Back to Top Skip to main content Skip to sub-navigation

Navy entomologist conducts vector surveillance throughout Asia

Soldier crouching down outside looking at the ground Navy Lt. Jodi M. Fiorenzano, and entomologist, conducts Dengue Vector Threat assessments at SEABEE worksites in East Timor.

Recommended Content:

Bug-Borne Illnesses | Armed Forces Health Surveillance Division

Navy Lt. Jodi Fiorenzano is a Navy entomologist stationed in Sembawang, Singapore where her team conducts vector surveillance throughout the Pacific to better understand regional diseases and help to prevent diseases outbreaks in the military population.

What vector-borne (mosquitoes, ticks, and fleas) projects are you working on?

My team and I conduct vector surveillance throughout the Pacific to better understand regional diseases, host and vector relations, and vector behaviors. In Cambodia, my team researches Dengue vectors and surveillance techniques in urban environments. We also research ectoparasites (fleas, lice, ticks, mites) and their diseases, along with sand flies and their related pathogens. In Laos and Mongolia, we conduct ectoparasites surveillance and study mosquito behaviors where both Malaria and Dengue reside in Vietnam. 

What do you enjoy most about entomology in the U.S. military?

I’ve met amazing entomologists from all the military services and worked alongside many partner nation and civilian entomologists and technicians. 

What are some of your most interesting projects? 

During my six years as a Navy Entomologist I was stationed in Hawaii and Singapore. I’ve taught integrated vector management techniques to multiple hospital corpsmen and participated in a vector management training program in Fiji, with the World Health Organization. I also helped plan Global Health Engagements with the Pacific Partnership in Sri Lanka, Malaysia and conducted Dengue Vector Threat assessments in Chuuk (one of four states in the Federated States of Micronesia), and East Timor to mitigate dengue risks to Navy construction teams. Most recently, I conducted regional surveillance throughout the Pacific to study multiple vectors (mosquitoes, ectoparasites, and sand flies) to understand vectors and their pathogens and add to the growing entomological knowledge across the DoD.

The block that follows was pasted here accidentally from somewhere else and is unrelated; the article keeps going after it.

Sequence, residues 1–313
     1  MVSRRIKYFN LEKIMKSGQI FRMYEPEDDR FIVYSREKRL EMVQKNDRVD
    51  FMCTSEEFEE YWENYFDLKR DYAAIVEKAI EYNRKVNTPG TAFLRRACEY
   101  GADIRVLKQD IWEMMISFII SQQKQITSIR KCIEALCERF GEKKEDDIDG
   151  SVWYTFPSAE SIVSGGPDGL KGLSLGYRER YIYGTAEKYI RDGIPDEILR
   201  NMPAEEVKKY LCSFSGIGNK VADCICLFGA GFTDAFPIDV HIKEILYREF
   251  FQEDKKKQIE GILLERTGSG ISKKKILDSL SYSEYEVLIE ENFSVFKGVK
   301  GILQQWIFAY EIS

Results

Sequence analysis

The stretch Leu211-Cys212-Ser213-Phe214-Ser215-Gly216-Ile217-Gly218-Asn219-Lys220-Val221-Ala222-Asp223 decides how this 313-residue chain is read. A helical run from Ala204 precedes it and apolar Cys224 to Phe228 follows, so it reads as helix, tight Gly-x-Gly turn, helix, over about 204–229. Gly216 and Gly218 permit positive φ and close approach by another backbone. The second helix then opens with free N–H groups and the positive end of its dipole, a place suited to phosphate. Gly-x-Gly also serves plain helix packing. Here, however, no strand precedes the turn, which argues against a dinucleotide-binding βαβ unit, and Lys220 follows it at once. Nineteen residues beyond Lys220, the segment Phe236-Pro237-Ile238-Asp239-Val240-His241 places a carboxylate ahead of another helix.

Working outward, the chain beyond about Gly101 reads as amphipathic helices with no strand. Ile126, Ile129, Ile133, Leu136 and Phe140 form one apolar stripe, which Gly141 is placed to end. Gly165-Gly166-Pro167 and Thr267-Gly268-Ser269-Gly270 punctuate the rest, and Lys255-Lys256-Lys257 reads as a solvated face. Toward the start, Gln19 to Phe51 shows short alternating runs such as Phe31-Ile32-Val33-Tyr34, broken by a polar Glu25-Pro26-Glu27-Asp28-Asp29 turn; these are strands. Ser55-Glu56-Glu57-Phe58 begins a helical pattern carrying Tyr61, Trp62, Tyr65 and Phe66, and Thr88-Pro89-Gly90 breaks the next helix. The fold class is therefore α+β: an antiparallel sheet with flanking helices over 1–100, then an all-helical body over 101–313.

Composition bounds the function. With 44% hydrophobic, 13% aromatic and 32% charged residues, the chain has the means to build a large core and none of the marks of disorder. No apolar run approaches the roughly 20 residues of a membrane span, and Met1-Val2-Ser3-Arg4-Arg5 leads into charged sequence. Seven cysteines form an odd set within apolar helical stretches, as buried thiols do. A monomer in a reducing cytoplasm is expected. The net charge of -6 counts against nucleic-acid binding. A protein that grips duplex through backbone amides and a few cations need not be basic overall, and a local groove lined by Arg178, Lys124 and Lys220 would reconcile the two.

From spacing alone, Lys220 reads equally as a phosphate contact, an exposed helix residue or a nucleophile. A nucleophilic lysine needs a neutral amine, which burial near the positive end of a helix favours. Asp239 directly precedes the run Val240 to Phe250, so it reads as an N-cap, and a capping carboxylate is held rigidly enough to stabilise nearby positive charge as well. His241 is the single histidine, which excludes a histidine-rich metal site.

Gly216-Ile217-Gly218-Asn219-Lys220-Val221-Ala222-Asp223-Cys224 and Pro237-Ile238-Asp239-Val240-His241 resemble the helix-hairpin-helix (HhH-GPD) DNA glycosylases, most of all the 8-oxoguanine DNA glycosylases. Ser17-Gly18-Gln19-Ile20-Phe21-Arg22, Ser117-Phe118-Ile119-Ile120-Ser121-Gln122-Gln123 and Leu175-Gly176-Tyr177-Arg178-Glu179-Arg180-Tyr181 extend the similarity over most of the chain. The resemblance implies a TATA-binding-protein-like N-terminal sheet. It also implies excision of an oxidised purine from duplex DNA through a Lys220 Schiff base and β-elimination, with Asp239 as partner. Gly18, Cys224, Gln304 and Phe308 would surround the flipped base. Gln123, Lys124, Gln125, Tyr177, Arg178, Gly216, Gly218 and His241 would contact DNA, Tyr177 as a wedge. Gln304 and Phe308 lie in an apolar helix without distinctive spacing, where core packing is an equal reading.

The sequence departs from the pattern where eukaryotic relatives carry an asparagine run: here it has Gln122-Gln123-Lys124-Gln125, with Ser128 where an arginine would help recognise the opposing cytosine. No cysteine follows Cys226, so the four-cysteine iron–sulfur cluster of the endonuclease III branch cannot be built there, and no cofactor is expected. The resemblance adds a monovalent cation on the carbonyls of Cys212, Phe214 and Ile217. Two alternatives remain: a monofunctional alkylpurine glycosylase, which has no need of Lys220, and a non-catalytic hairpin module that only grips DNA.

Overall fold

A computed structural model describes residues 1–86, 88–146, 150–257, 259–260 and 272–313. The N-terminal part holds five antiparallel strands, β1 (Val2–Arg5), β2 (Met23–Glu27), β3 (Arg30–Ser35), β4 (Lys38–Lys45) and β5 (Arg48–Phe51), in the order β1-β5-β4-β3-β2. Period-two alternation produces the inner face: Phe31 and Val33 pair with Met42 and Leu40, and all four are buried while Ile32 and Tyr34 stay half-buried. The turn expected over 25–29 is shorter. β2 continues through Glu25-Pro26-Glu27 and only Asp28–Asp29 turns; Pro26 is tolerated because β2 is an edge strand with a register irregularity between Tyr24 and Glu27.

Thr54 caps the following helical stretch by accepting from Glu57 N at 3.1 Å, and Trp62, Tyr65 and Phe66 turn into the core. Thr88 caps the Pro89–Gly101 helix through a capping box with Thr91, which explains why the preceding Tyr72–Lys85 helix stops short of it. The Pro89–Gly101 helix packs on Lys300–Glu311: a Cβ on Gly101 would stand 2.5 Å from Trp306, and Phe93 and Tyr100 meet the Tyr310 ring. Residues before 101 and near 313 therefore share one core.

You also may be interested in...

Armed Forces Reportable Medical Events Guidelines and Case Definitions Memo


The Armed Forces Reportable Medical Events Guidelines and Case Definitions (RME Guidelines) standardize reporting and tracking of disease and other conditions of public health and military importance. Timely reporting permits earlier recognition of public health events and interventions to protect the health of the force.

Establishing an Armed Forces Health Surveillance Center


Establishing an Armed Forces Health Surveillance Branch." In accordance with DoD Directive 5101,1, "DoD Executive Agent" September 3, 2002, this memorandum designates the Secretary of the Army as the DoD Executive Agent for the AFHSB, which includes the Defense Medical Surveillance System and the DoD Serum Repository. . . The DoD EA shall further ensure that the Center POC aligns and integrates the current surveillance activities of the Army Medical Surveillance Activity and the DoD Global Emerging Infections Surveillance and Response System with surveillance activities of the DoD Deployment Health Support Directorate.

Showing results 1 - 2 Page 1 of 1

DHA Address: 7700 Arlington Boulevard | Suite 5101 | Falls Church, VA | 22042-5101

Some documents are presented in Portable Document Format (PDF). A PDF reader is required for viewing. Download a PDF Reader or learn more about PDFs.